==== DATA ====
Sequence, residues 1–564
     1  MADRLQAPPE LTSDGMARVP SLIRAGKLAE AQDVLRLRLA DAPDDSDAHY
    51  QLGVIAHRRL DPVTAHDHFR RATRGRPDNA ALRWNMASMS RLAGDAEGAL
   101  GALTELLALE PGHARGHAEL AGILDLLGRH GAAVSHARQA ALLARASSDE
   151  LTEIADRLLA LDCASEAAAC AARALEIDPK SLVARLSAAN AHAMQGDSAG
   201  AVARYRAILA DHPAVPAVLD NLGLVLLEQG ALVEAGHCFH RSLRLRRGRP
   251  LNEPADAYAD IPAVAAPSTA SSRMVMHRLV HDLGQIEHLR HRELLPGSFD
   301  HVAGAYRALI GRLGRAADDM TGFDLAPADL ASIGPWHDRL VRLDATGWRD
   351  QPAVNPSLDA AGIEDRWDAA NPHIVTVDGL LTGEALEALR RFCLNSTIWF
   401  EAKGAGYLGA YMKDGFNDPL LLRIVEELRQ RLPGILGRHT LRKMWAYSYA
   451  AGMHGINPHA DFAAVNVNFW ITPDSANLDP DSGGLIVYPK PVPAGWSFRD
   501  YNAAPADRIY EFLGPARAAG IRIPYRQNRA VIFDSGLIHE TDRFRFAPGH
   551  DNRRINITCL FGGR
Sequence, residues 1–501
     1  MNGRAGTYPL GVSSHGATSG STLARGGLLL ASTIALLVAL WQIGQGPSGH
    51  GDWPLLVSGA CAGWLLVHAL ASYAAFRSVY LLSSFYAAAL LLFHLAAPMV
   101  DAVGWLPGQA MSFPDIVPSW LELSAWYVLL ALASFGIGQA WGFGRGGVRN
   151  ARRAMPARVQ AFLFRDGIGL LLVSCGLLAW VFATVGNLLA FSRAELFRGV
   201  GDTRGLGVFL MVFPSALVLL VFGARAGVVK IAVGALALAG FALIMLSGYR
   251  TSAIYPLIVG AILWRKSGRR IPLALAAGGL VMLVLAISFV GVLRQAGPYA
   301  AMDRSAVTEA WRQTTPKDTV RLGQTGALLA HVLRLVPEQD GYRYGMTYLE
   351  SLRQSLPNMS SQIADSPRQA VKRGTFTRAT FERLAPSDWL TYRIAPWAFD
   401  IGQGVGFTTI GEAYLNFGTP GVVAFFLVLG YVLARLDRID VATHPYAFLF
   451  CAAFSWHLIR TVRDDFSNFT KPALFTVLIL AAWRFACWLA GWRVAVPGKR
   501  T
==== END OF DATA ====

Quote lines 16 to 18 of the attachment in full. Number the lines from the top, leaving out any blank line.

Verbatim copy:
    51  GDWPLLVSGA CAGWLLVHAL ASYAAFRSVY LLSSFYAAAL LLFHLAAPMV
   101  DAVGWLPGQA MSFPDIVPSW LELSAWYVLL ALASFGIGQA WGFGRGGVRN
   151  ARRAMPARVQ AFLFRDGIGL LLVSCGLLAW VFATVGNLLA FSRAELFRGV